Some 54.8 percent of the public is opposed to revising the war-renouncing Constitution under Prime Minister Shinizo Abe, up 6.2 points from the previous survey taken in December, Kyodo News reported Sunday.
According to the survey, conducted by Kyodo for two days through Sunday, 33 percent of the respondents said they backed constitutional revision, Abe’s main political goal.
As for Abe’s proposal to legitimize the Self-Defense Forces in the supreme code’s Article 9, 52.7 percent of the people said they were opposed and 35.3 percent said they were supportive. In the November survey, 52.6 percent were opposed and 38.3 percent were supportive. This question was not asked in the December survey.
In May last year, Abe made a surprise announcement stating that it was his ambition to revise the Constitution by 2020 and that he wanted to explicitly define the role of the SDF in it.
Abe indicated during a New Year’s news conference that he would like to see the Diet initiate amendments to the supreme law by the end of the year. Any amendments proposed must eventually be approved by a simple majority of voters in a national referendum, after being approved by two-thirds majorities in both houses of the Diet.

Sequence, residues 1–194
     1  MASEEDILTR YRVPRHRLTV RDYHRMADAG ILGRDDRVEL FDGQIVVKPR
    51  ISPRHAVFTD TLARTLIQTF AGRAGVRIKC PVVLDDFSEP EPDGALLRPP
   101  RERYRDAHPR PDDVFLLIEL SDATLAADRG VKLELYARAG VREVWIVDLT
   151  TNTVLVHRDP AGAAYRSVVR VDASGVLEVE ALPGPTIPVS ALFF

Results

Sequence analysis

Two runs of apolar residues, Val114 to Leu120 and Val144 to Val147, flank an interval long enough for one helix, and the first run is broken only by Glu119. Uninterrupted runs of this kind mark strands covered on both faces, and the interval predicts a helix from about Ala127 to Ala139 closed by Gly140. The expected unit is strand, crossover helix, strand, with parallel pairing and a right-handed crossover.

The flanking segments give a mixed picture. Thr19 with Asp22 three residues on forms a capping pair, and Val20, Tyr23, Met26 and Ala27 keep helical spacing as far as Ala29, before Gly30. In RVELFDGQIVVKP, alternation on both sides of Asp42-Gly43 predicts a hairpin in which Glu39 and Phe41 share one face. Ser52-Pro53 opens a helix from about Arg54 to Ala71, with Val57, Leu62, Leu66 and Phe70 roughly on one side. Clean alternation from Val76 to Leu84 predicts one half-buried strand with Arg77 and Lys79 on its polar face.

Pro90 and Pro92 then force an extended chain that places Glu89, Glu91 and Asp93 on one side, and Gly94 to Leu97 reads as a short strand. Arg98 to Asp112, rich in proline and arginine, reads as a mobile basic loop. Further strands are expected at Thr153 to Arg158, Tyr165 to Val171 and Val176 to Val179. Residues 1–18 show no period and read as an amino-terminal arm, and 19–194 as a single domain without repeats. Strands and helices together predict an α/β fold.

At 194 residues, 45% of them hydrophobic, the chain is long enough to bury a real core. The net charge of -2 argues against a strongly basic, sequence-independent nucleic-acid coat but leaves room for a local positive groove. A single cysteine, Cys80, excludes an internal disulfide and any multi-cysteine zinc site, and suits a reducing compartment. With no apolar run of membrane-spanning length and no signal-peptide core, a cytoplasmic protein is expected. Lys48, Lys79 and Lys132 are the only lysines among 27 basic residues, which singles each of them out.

But Abe’s goal was thrown into disarray by his Liberal Democratic Party’s historic defeat in the Tokyo Metropolitan Assembly election in July, and a drop in his Cabinet’s support rate caused by his alleged cronyism scandals.
Still, Abe’s support rate is inching up, the survey said.
The Cabinet’s support stood at 49.7 percent, up 2.5 points from the last survey in December. Those who don’t support Abe’s administration stood at 36.6 percent, it said.
Asked whether they want Abe to be re-elected in the LDP’s presidential election in September, those who said no (47.5 percent) slightly topped those who said yes (45.2 percent), according to the survey.
The nationwide telephone survey also showed that 49.0 percent of the respondents favor immediately halting nuclear power plants in Japan, an initiative championed by former Prime Minister Junichiro Koizumi, whose remarks still carry weight. Some 42 percent oppose immediate shut downs.
On defense policy, 46.7 percent oppose the government’s plan to acquire long-range cruise missiles despite the threat posed by North Korea, while 41.7 percent are in favor.
The Defense Ministry is setting aside a budget for fiscal 2018 to purchase long-range cruise missiles.
Japan’s policy on nuclear power could emerge as another topic of debate when the Diet opens for business on Jan. 22, with a civic group advised by former Prime Minister Junichiro Koizumi urging ruling and opposition lawmakers to adopt its draft bill to immediately halt nuclear power plant operations.
In the Kyodo survey, 49.0 percent of respondents were in favor of immediately halting all atomic plants in Japan and about 42 percent were opposed to the proposal.